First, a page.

Rachel and Heidi McFarland thought it was "too good to be true" when they watched their adopted son come into the world on Dec. 28, 2013. When the child's biological parents requested custody of the child just 78 days after his birth, they realized that it had been.
The McFarlands had arranged to adopt the baby from the daughter of one of Rachel's co-workers in 2013, People reports. Though adoption was not their first choice, the couple stated that they could not afford artificial insemination.
"Because it was private, it seemed tailor-made for us and we thought this could be our chance to become parents," Rachel said.
Rachel told People that the birth mother, Markeya Atkins, was fine with the fact that she and Heidi are a same-sex couple. The two were present at the birth of the child.
"We coached [Atkins] through labor," said Rachel. "I cut the umbilical cord. He was in our arms and care the second he was born. We both wanted a boy and both wanted to name him Gabriel. It is a strong name. It is my favorite story from the Bible."
The couple's adoption attorney Jason Rieper told them that the birth mother had signed a release-of-custody document, granting them full guardianship of Gabriel, according to The Des Moines Register.
On March 3, 2014, Rieper notified the couple that Atkins wanted her son back. Gabriel was given to her biological parents 10 days later, People reports.
"[Rieper] said there is nothing left for us to do," Rachel told People. "She wants him back and you have to give him back."
She added that they had cut off a piece of Gabriel's hair to have something left of him.
Five weeks later on April 22, 2014, Atkins found Gabriel "alone, pale, wet and foaming from his mouth and nose" after being left with the 17-year-old father, Drew James Weehler-Smith, The Des Moines Register reports.
The baby was shaken to death, The Independent reports.
Police charged Weehler-Smith with the child's murder. In January 2015, he pleaded guilty to second-degree murder and received a 50-year prison sentence, according to People.
The McFarlands learned of the baby's death in late April 2014 after seeing a report on their local news:
It didn’t say his name, but we had received a bill from the guardian ad litem and it had the address on it. It was this normal report that a baby was found dead at such-and-such address. Heidi was screaming, and I looked at the paperwork and it was the address. I texted [Atkin’s mother] and she confirmed it was him.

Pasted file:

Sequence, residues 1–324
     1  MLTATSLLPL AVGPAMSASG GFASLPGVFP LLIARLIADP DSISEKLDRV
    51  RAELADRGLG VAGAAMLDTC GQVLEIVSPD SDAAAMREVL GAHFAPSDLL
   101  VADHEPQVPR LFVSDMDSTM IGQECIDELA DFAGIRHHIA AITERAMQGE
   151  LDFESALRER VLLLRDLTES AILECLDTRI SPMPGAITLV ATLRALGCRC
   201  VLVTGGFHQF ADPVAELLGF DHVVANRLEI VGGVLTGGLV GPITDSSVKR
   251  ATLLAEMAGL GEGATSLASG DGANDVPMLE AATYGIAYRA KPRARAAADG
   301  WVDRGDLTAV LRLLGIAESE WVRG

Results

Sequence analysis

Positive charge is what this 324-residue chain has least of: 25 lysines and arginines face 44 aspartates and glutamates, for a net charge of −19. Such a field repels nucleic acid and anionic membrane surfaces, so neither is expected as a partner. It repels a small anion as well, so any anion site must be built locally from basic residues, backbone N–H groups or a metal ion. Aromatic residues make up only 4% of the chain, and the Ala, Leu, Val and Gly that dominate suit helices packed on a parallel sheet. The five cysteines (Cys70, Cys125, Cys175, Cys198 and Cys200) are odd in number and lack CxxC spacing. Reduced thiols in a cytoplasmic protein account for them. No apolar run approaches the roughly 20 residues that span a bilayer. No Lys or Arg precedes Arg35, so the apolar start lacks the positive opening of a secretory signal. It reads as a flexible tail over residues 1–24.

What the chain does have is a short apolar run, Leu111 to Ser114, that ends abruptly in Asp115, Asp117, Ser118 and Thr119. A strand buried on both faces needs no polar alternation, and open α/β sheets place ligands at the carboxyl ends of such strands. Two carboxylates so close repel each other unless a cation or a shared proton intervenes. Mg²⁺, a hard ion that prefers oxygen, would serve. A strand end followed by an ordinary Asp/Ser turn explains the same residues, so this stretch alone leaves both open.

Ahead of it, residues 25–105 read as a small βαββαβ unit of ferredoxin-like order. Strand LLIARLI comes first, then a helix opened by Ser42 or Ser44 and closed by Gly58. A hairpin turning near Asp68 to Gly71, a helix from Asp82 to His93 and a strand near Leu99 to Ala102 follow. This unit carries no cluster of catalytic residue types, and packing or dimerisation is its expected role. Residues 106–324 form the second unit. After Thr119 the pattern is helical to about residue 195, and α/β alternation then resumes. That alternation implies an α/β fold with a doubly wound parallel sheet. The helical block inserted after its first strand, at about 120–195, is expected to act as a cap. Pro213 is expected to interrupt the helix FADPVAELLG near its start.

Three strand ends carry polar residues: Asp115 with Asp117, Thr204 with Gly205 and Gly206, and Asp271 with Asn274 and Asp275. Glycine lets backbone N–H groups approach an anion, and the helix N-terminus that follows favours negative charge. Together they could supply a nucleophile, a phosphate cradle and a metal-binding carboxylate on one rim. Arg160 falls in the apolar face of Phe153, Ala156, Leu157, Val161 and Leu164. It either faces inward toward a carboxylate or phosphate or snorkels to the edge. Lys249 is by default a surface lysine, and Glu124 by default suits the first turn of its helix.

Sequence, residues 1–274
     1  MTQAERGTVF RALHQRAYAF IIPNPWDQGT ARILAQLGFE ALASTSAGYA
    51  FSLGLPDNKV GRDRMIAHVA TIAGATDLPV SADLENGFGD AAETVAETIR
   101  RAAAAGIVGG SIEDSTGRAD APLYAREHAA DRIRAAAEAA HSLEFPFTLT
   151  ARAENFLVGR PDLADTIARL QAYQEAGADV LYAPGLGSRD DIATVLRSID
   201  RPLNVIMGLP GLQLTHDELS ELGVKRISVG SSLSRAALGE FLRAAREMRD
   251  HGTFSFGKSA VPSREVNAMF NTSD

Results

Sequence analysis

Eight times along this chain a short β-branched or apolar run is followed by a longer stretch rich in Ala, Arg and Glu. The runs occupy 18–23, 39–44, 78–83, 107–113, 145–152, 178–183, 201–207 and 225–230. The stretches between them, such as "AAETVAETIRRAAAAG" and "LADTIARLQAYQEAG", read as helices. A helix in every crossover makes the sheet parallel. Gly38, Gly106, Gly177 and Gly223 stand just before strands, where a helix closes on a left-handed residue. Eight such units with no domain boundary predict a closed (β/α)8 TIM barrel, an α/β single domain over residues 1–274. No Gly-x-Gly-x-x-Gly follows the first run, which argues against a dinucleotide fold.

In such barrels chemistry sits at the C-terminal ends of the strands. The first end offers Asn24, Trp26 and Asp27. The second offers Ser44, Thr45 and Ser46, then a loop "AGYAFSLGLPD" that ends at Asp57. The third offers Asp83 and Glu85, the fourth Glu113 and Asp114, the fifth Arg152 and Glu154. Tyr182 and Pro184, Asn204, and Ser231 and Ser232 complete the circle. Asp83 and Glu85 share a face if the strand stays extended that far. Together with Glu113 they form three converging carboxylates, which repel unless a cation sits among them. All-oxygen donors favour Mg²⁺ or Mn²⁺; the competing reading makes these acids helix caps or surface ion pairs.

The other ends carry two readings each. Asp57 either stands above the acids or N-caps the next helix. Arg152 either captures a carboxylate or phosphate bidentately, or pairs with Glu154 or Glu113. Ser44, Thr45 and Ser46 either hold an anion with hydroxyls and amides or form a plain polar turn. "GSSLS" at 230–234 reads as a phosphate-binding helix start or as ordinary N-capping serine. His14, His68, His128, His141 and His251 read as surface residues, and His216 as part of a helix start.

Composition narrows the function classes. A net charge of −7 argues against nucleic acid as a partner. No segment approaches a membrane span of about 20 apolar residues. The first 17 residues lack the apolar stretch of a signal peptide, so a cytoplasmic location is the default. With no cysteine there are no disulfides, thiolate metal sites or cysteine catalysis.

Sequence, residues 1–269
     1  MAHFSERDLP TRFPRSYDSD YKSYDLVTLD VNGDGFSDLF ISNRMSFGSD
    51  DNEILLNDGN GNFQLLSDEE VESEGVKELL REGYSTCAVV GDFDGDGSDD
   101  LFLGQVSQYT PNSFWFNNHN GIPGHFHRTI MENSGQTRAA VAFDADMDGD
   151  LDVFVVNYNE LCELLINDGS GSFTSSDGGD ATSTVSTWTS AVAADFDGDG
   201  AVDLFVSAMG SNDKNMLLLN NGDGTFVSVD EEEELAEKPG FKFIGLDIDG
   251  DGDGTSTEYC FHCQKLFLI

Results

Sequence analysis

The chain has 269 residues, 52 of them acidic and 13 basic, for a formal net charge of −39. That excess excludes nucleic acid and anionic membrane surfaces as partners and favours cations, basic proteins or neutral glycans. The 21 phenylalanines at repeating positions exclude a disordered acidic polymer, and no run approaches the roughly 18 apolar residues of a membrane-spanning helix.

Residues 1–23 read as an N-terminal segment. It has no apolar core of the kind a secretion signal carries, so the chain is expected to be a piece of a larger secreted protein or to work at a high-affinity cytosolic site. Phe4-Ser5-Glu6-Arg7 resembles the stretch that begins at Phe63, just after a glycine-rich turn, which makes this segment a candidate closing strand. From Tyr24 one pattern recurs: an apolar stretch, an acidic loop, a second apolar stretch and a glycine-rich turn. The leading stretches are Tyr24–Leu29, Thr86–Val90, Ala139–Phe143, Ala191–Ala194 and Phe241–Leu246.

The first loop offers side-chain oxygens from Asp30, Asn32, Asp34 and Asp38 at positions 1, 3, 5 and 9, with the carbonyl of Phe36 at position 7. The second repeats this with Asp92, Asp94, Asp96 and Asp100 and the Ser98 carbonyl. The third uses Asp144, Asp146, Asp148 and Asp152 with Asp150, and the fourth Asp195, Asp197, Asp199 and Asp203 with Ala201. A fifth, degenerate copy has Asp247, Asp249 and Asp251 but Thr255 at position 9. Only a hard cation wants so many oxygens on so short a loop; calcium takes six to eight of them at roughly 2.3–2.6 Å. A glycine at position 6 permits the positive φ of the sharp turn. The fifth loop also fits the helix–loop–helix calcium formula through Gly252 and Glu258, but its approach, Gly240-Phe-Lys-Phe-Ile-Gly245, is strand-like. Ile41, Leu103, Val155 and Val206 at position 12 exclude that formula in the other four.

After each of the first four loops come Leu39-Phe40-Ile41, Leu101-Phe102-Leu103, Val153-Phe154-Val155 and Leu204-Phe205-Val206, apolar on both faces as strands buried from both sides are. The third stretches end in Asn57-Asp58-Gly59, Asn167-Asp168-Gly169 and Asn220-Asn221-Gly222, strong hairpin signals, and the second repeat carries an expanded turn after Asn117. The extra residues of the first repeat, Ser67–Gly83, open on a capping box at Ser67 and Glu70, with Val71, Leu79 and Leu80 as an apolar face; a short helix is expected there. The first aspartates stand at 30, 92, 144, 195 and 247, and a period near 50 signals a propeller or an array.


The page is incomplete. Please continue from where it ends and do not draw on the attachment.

The McFarlands filed a civil lawsuit against Rieper in Aug. 2014 for failing to tell them that he did not obtain Atkin's release-of-custody signature from either birth parent, which led to events culminating in the boy's death. The trial was strictly concerning Rieper's actions and did not focus on the details of the boy's murder.
The jury unanimously ruled on Aug. 16, 2017 that Rieper owes the McFarlands $3.25 million dollars due to the emotional distress his negligence caused them, The Des Moines Register reports.
Rieper's attorney, David L. Brown, told People that his client "isn't responsible for this homicide" and that he did not agree with the decision.
"You can’t control the emotion of a birth mom, and you can’t control the emotions of a 16 year-old birth mom," Brown said. "At the end, [Atkins] wasn’t going to do it and the suggestion that [Rieper] was to force her to do it would be unethical for him."
Though they say nothing can bring their son back, the McFarlands told The Des Moines Register in an interview that "a weight has been lifted."
"God bless the civil justice system for holding people accountable for the damage they do to others, and to this jury who came to the right conclusion even without all of the evidence," said the McFarland's lawyer, Roxanne Conlin, in a statement after the Aug. 16, 2017 verdict.
The McFarlands have two daughters now: London McFarland, 3, and Vienna McFarland, 2. Heidi gave birth to the younger child. They consider Gabriel the child that "made" them mothers and frequently tell their daughters about him.